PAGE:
The punitive model of accountability leads to a culture of scapegoating and blame shifting: it must be someone’s fault, and it’s not mine, so let’s all join the hunt for the perpetrator. This is where the real executive chess occurs – setting others up for future, as-yet-unmade mistakes, shifting potential blame and positioning oneself to be left standing when the wreckage is cleared.

All very unhelpful. 

If we’re going to understand accountability and use it effectively, we need to set aside these negative, unhelpful impulses. Avoiding blame or seeking punishment are two sides to the same coin, one that focuses on the mistake, rather than what can be done about it.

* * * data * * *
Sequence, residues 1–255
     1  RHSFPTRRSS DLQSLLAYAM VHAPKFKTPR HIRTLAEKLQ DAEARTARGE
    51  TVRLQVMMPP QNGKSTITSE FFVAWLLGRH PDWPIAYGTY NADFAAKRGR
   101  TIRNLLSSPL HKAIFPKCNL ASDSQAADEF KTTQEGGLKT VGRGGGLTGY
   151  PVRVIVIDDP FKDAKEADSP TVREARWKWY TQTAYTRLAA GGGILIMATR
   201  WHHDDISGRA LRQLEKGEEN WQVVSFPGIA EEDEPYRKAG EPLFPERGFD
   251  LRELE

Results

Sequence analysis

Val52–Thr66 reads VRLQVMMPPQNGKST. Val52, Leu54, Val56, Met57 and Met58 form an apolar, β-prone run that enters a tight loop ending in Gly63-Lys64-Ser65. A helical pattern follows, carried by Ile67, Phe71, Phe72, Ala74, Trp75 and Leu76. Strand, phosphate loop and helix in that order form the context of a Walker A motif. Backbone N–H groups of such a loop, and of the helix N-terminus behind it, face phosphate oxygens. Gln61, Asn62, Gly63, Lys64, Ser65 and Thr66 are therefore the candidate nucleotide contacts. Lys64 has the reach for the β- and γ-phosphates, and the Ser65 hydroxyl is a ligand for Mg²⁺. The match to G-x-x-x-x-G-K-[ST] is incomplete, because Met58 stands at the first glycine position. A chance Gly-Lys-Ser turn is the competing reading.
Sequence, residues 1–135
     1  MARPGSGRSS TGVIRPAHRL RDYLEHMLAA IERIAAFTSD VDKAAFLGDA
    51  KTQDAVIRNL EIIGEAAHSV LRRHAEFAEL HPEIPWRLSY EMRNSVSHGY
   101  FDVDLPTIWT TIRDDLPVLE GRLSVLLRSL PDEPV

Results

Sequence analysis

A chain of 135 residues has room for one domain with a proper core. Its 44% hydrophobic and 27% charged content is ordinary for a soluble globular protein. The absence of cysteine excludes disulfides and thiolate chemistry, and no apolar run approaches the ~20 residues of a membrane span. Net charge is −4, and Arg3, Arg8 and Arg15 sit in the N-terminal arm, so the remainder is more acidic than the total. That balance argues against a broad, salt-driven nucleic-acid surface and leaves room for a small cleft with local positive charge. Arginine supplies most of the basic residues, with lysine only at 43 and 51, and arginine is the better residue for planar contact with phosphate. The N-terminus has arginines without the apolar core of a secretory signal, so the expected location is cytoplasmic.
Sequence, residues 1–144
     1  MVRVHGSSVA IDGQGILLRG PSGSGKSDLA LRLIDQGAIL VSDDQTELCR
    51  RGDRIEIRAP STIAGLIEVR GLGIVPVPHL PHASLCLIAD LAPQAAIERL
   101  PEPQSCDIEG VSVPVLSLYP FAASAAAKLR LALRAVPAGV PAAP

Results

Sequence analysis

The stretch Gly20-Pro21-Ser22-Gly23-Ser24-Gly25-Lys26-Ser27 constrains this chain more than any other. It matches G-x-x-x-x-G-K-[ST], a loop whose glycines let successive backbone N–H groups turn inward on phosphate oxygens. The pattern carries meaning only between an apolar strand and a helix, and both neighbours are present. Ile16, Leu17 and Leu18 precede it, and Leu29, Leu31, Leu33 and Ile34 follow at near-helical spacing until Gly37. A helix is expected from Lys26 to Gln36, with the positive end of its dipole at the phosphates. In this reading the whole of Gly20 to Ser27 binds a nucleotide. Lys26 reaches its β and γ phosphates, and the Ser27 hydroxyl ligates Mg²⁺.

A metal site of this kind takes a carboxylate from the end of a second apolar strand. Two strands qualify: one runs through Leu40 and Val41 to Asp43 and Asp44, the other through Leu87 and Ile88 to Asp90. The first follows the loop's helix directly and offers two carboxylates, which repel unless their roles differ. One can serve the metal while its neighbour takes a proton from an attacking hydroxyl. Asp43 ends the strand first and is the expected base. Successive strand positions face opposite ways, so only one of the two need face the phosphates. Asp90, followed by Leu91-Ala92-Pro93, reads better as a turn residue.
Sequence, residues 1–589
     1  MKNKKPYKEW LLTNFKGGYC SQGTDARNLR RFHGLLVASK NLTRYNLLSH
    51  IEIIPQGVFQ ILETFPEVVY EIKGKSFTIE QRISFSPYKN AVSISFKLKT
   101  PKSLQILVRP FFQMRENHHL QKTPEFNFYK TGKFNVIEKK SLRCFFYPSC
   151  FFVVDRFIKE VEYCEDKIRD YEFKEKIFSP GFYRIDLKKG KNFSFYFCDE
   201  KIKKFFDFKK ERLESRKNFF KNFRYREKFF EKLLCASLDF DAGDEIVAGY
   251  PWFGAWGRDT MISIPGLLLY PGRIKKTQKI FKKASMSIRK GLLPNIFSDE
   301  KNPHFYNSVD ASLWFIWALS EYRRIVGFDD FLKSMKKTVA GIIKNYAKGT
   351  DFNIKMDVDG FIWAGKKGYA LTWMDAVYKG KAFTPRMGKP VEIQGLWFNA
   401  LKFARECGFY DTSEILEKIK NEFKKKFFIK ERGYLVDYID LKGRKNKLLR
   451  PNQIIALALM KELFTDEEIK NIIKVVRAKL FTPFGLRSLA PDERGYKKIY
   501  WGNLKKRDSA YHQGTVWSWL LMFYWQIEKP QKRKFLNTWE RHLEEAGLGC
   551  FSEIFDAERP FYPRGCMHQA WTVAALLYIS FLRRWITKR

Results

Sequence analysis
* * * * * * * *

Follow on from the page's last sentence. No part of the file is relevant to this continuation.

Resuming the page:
Instead think of accountability as the means by which we restore what was lost to others while learning and growing in the process. It’s about standing behind what you’ve done and owning its consequences with the intention of using it to better yourself and those around you. It has three key characteristics:

1. Acknowledgement

Unlike the mistake-avoiding culture found in almost any bureaucracy, effective leaders and teams immediately communicate what they understand the problem to be and involve others in looking at it. This is different than confession for forgiveness. There is nothing wrong with that as a concept, but it has no use here. This is open acknowledgment of what occurred to any and everyone it affected, in an effort to truly understand what happened and what it will take to make it right. Get over yourself and get to work in seeing how your mistake has impacted your client, your team, and anyone else you put in harm’s way.